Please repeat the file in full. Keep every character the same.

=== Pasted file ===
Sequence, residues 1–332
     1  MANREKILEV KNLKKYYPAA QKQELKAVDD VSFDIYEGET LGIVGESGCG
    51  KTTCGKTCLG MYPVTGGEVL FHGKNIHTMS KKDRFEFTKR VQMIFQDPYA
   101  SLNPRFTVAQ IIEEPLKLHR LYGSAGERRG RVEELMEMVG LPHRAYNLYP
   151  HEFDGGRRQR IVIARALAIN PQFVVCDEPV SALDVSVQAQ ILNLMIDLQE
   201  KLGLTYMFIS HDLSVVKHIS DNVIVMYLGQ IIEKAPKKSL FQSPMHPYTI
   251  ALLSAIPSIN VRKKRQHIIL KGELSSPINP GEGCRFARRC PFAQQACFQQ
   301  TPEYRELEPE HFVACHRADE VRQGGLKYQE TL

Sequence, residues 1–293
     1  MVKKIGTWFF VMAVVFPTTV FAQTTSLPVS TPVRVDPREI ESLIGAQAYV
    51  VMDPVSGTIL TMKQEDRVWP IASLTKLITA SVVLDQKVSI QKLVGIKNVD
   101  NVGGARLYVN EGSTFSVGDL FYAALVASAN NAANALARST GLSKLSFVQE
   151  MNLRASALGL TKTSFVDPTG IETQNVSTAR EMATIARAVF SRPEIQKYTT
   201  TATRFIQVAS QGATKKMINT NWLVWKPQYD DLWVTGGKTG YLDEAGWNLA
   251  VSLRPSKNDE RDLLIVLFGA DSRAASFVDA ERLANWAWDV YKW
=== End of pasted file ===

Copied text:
Sequence, residues 1–332
     1  MANREKILEV KNLKKYYPAA QKQELKAVDD VSFDIYEGET LGIVGESGCG
    51  KTTCGKTCLG MYPVTGGEVL FHGKNIHTMS KKDRFEFTKR VQMIFQDPYA
   101  SLNPRFTVAQ IIEEPLKLHR LYGSAGERRG RVEELMEMVG LPHRAYNLYP
   151  HEFDGGRRQR IVIARALAIN PQFVVCDEPV SALDVSVQAQ ILNLMIDLQE
   201  KLGLTYMFIS HDLSVVKHIS DNVIVMYLGQ IIEKAPKKSL FQSPMHPYTI
   251  ALLSAIPSIN VRKKRQHIIL KGELSSPINP GEGCRFARRC PFAQQACFQQ
   301  TPEYRELEPE HFVACHRADE VRQGGLKYQE TL

Sequence, residues 1–293
     1  MVKKIGTWFF VMAVVFPTTV FAQTTSLPVS TPVRVDPREI ESLIGAQAYV
    51  VMDPVSGTIL TMKQEDRVWP IASLTKLITA SVVLDQKVSI QKLVGIKNVD
   101  NVGGARLYVN EGSTFSVGDL FYAALVASAN NAANALARST GLSKLSFVQE
   151  MNLRASALGL TKTSFVDPTG IETQNVSTAR EMATIARAVF SRPEIQKYTT
   201  TATRFIQVAS QGATKKMINT NWLVWKPQYD DLWVTGGKTG YLDEAGWNLA
   251  VSLRPSKNDE RDLLIVLFGA DSRAASFVDA ERLANWAWDV YKW